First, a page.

Penn HS alum Hildebrandt battles through knee injury at Olympic wrestling trials

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IOWA CITY, Iowa --- Sunday was a day for heartbreak for Penn High School alum Sarah Hildebrandt but there was no reason to hang her head.

She and her team kept it a secret that she was suffering from a knee injury which severely hindered her performance in Iowa City. Hildebrandt was suffering from two meniscus tears in her right knee and was having trouble supporting her weight.

"It's been bothering me," Hildebrandt said. "It's an every day thing. Some days are better than others, but I was rehabbing really well before. I wasn't running a lot but unfortunately. Weight cutting is a part of the sport and running goes along with that so you know I put some time in on the treadmill, probably about an hour everyday. So it's pretty hard on my knees. I was probably a little sore a little raw today."

She suffered the injury in August but continued to train through the winter because she did not want to miss out on her dream to compete in the Olympics. Sunday, the only visible signs of the injury were in the form of a white knee pad because she started the day strong.

In the first round, Hildebrandt was strong, defeating her opponent Cady Chessin 10-2. However, she was lacking the power and drive she could usually get off of that right leg.

"I knew it was going to be a problem," Hildebrandt said. "You just push through it. You hope the adrenaline carries you through. In some cases, it did and other times the pain kind of won out."

In round two, the knee was her biggest downfall. Hildebrandt lost 10-0 in a technical fall to Katherine Fulp-Allen. The loss meant her Olympic dreams were over.

"I didn't feel comfortable with my knee," Hildebrandt said. "I didn't trust my body. I wasn't trusting my shots so I think it was fear of that."

"Sarah was really prepared," said Brad Harper, who coaches Penn's High School Wrestling Team and is also coaching Hildebrandt again. "I just think she couldn't hit her whole arsenal. That knee kind of slowed her down a little bit so she had to switch up her situation and her style. That's kind of hard to do when you're at this high level. You need to be 100 percent ready to go if you want to win this. But for what she did, was really good."

However, her day wasn't over. Only the first place finisher in each weight class becomes a member of the US Olympic team but there is money on the line for the remaining wrestlers.

"At that point, I was like you got nothing to lose," Hildebrandt said. "So you might as well have fun. But it's hard to have fun. I really, really believed in myself. It's different. I've had tournaments where I didn't believe in myself so losing didn't sting as much. But I definitely think that I could be the best in the world and it sucks when you're not."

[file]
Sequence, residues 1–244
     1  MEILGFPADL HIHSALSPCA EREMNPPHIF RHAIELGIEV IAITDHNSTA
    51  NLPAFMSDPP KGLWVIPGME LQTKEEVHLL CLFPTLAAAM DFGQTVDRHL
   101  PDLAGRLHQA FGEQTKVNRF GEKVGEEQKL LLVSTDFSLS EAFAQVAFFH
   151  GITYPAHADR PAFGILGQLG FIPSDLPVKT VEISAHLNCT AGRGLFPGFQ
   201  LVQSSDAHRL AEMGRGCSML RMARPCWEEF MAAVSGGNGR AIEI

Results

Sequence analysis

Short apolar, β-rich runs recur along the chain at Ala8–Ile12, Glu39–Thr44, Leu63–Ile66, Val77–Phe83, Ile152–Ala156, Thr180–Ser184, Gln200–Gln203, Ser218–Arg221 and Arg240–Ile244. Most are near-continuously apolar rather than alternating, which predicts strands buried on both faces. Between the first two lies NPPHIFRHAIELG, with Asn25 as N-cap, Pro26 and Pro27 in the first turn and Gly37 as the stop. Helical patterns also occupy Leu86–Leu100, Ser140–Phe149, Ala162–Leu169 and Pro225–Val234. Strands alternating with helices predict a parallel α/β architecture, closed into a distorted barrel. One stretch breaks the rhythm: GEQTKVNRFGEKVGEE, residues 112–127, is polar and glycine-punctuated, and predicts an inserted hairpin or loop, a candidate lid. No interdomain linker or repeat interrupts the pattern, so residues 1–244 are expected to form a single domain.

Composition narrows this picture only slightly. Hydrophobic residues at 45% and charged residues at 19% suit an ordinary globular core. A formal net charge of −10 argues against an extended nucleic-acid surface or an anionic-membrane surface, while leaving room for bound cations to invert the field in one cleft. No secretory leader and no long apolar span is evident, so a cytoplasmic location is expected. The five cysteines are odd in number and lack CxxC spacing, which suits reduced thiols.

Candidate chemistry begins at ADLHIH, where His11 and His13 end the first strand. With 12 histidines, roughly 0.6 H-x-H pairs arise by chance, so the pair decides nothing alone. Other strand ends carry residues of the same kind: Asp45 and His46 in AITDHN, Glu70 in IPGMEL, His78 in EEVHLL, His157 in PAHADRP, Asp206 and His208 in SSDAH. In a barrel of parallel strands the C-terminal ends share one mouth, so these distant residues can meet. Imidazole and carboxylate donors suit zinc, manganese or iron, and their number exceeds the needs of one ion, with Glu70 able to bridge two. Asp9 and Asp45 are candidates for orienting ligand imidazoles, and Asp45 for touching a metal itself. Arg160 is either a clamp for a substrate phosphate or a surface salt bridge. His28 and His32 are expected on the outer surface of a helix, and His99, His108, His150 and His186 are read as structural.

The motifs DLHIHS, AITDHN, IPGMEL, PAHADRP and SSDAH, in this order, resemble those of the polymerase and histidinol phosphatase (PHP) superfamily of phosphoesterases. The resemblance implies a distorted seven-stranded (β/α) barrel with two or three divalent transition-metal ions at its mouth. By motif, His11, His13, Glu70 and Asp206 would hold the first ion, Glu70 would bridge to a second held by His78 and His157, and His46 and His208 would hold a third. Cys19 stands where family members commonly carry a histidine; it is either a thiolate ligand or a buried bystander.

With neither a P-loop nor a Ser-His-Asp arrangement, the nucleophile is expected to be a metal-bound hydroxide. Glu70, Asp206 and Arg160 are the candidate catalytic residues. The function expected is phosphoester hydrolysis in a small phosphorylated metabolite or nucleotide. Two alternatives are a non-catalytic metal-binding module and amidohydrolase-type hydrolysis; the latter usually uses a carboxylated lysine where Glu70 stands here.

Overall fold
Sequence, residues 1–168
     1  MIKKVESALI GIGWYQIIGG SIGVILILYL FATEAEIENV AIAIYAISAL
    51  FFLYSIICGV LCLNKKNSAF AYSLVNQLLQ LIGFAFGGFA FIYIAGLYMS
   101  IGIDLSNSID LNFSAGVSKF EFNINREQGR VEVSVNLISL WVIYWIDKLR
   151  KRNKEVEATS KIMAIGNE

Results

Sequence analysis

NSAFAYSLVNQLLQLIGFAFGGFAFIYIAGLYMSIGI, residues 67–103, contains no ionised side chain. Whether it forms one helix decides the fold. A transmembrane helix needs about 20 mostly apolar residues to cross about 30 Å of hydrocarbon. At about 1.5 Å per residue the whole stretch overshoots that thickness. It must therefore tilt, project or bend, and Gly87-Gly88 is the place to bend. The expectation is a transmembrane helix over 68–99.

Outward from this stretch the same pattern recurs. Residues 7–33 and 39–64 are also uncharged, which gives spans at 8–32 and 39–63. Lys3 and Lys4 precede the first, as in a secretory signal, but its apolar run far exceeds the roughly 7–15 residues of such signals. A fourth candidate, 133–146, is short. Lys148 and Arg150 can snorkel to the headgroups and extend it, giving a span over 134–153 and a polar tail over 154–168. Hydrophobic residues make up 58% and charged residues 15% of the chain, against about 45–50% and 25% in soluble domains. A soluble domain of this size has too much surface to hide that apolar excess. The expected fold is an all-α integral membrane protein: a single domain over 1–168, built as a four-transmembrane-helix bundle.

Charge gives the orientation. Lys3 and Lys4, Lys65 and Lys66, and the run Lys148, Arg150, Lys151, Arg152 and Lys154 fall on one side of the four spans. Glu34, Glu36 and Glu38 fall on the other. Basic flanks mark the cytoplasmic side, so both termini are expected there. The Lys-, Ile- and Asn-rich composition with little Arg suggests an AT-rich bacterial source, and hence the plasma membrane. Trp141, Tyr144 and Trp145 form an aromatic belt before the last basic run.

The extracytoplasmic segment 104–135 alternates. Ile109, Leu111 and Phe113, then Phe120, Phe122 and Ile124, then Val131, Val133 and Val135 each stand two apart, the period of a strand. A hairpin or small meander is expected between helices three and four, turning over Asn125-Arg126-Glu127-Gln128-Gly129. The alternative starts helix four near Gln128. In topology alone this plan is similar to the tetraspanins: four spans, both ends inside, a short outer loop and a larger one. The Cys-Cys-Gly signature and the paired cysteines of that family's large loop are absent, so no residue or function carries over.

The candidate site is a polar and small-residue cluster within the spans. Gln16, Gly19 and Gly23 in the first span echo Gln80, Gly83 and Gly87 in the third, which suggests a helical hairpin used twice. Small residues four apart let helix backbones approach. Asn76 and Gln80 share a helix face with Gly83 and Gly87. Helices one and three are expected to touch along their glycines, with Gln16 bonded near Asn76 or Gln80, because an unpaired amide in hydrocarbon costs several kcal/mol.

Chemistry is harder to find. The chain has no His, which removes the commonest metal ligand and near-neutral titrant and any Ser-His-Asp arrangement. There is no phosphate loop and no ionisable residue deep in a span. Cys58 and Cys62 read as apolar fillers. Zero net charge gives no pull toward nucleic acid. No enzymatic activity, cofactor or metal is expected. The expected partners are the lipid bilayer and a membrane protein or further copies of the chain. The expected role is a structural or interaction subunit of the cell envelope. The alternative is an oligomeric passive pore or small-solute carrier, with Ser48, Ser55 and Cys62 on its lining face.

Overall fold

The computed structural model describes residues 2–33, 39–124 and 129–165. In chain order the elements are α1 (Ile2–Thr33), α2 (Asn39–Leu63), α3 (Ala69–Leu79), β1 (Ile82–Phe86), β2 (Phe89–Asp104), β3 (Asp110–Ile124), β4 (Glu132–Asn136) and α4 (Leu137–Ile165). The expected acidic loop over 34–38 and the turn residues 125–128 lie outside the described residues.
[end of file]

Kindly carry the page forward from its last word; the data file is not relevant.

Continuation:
Hildebrandt went to the consolation bracket and in her first round she defeated her opponent Dejan Treder 8-0. She continued on to a second consolation match against Amy Fearnside where Hildebrandt won in the second period by pinning Fearnside. Powering through an injury which should have sidelined her for the tournament.

But in her final match, she had had enough. Hildebrandt was pinned by Michaela Hutchinson and officially finished in fifth place for the tournament. In a battle anyone would be proud of, Hildebrandt felt she let down her support team and more than anything, herself.

"It's a huge disappointment," Hildebrandt said. "I have a lot of people cheering for me and supporting me. I want to wrestle well for them but for myself as well. Even if I have a bad day, i want to walk off the mat saying I did my best and I don't really feel like that. So that's rough. That's hard for me to swallow."

But placing fifth in an Olympic Trial after having two tears in her meniscus is nothing to be disappointed in.

"She says she didn't do her best but she did do her best with the situation she was in," Harper said. "I mean, being able to battle through what she had going on was amazing. I went out to the training center and her workouts, she was in pain every practice. For her to come out and wrestle for the situation she was in, she did her best."

Hildebrandt says she is going to get the surgery very soon and she will take some time away from wrestling to spend time with her family. However, 2020 is just around the corner and she can only stay away from the gym so long.

"Tomorrow the sun's going to rise," Hildebrandt said. "It's going to be good. I love the sport. I have a lot of fun with it. Today's not as much fun as other days but I'm always craving to be back in the mat room to get better so I'm looking forward to it. 2020, that's the prime age for most of the Olympians and that's about the age for wrestlers so I think that's my shot and obviously I want to make the world teams before 2020. I know i can do it. I work so hard and nothing is going to change. It just keeps driving and it keeps burning that fire in my belly."